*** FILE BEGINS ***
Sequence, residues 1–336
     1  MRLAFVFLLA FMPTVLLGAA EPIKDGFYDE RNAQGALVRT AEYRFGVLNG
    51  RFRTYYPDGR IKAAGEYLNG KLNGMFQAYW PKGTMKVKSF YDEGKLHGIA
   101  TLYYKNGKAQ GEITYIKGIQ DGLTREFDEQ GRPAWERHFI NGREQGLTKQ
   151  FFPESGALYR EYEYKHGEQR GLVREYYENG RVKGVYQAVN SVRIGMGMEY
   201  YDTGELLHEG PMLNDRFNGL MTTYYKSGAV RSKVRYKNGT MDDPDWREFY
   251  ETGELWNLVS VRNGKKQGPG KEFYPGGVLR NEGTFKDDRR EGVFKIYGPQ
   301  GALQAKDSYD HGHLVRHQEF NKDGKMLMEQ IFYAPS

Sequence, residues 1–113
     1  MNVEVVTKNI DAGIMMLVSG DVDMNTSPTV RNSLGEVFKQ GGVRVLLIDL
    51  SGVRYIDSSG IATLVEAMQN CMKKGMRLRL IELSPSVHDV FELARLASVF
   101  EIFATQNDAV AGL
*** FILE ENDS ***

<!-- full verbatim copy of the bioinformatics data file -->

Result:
Sequence, residues 1–336
     1  MRLAFVFLLA FMPTVLLGAA EPIKDGFYDE RNAQGALVRT AEYRFGVLNG
    51  RFRTYYPDGR IKAAGEYLNG KLNGMFQAYW PKGTMKVKSF YDEGKLHGIA
   101  TLYYKNGKAQ GEITYIKGIQ DGLTREFDEQ GRPAWERHFI NGREQGLTKQ
   151  FFPESGALYR EYEYKHGEQR GLVREYYENG RVKGVYQAVN SVRIGMGMEY
   201  YDTGELLHEG PMLNDRFNGL MTTYYKSGAV RSKVRYKNGT MDDPDWREFY
   251  ETGELWNLVS VRNGKKQGPG KEFYPGGVLR NEGTFKDDRR EGVFKIYGPQ
   301  GALQAKDSYD HGHLVRHQEF NKDGKMLMEQ IFYAPS

Sequence, residues 1–113
     1  MNVEVVTKNI DAGIMMLVSG DVDMNTSPTV RNSLGEVFKQ GGVRVLLIDL
    51  SGVRYIDSSG IATLVEAMQN CMKKGMRLRL IELSPSVHDV FELARLASVF
   101  EIFATQNDAV AGL